Alone in the little ‘Big House’ (Wales)

I’m very keen on visitor participation, I’m happy about high visitor numbers and I think a busy museum is a vibrant museum.  But sometimes I just really love to be alone in a quiet empty museum.  I think the most special moments can happen when you’re alone with a museum.  It doesn’t mean the whole museum needs to be empty, just the space you’re in.  Especially when they’re historical sites.

When I was travelling in the UK I visited a National Trust site in Northern Wales with some friends.  It was ‘Tŷ Mawr’ or ‘Big House’ translated from Welsh.  This lovely historic site was nestled in an isolated part of the country side and manned by a keen and knowledgeable guide.  The site had an old magic to it, which the guide helped bring to life.

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Beamish (Durham, UK)


Beamish  is an open air museum near Newcastle-upon-Tyne in Northern England.  The museum covers a range of eras from 18th century farming to the turn of the 20th century mining.  It sits on a vast rural property with different sections/eras connected by a vintage bus and tram loop.  Luckily for me, the days I visited (the first week of May), the lovely spring sunshine bathed the museum in warmth.  This obviously added to my enjoyment of the outside spaces.  Like all outdoor museums, Beamish is at the mercy of the weather in this regard!

The museum is a lively and fun place, which also offers a comprehensive historical immersion.  The staff are a great highlight of the museum.  I met so many who eagerly and voluntarily spoke about their area of the museum.  Their enthusiasm and knowledge really added to the experience.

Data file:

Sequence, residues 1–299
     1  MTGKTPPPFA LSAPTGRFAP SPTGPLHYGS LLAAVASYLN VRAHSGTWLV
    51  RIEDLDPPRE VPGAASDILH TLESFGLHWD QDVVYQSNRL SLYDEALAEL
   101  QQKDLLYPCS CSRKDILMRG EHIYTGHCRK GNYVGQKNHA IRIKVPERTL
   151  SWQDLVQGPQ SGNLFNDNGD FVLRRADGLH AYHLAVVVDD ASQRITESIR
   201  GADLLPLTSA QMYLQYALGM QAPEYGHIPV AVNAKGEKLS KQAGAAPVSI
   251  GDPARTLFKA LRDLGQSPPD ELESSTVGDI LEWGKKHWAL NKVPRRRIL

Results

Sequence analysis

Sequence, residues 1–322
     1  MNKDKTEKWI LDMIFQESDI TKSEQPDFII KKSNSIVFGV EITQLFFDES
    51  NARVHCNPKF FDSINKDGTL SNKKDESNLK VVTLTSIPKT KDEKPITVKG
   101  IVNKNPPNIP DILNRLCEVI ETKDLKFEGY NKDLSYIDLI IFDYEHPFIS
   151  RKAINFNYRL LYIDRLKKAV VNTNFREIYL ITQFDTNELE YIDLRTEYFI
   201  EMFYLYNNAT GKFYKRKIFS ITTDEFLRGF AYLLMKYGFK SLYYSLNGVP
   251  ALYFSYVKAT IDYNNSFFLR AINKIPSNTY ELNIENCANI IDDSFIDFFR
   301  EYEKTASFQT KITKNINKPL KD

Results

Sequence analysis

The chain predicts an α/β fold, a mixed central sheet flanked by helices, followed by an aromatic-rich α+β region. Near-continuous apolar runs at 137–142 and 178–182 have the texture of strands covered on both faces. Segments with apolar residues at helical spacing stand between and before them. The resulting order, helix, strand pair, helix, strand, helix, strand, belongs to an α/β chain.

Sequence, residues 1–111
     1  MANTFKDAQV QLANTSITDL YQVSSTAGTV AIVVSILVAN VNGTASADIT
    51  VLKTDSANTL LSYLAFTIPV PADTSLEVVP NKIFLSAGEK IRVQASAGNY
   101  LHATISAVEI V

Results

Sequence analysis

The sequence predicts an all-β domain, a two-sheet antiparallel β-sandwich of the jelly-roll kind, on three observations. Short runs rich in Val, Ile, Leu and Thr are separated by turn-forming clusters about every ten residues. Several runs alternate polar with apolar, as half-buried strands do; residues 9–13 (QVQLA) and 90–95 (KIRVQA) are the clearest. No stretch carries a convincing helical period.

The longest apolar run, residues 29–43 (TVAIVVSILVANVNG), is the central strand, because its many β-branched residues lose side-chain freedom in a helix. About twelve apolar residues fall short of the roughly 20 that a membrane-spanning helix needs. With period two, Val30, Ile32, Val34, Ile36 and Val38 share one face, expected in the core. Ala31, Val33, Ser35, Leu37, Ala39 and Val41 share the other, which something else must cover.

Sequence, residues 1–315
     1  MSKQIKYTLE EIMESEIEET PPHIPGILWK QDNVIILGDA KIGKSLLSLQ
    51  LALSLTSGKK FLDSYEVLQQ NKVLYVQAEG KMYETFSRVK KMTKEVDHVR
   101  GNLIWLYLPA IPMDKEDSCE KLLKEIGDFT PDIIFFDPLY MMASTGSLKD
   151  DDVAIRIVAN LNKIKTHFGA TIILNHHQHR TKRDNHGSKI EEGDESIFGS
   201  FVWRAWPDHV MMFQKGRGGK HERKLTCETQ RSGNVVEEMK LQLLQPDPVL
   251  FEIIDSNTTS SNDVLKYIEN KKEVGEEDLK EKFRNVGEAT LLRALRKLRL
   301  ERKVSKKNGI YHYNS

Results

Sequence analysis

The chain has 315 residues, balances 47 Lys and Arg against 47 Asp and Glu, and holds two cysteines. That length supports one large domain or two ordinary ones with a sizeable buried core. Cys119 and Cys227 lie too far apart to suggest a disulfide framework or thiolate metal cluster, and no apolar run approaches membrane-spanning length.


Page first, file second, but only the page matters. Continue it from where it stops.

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On the 24th April I visited both the American Museum of Natural History and the Metropolitan Museum of Art in New York. I felt that this time I went mostly as a tourist. Sure I still focused on details the average visitor would not, but I was there on a Sunday with a NY City Pass (booklet to get into multiple venues for a lower price) and in ‘holiday mode’ myself. I was also slightly delirious with sleep deprivation, having not coped very well with the volume of the New York nightlife noise that reached my bedroom the previous night.

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Washington: The Smithsonians and LOC

In Washington I visited four of the Smithsonian museums – Air and Space, American History, American Indian and Natural History. I also visited the Library of Congress. Despite the dreary weather there were a lot of people spending the day visiting the Museums, many were families as it was around Easter time and schools’ Spring break. There was a real sense of a great family outing happening. Lots of the visitors seemed to be American, and many from the nearby area. I think partly because they were free, there was a sense of ownership and shared family learning that isn’t always present in Museums. The museums did little in the way of ‘selling’, rather they let the exhibitions speak for themselves.

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Indianapolis Museum of Art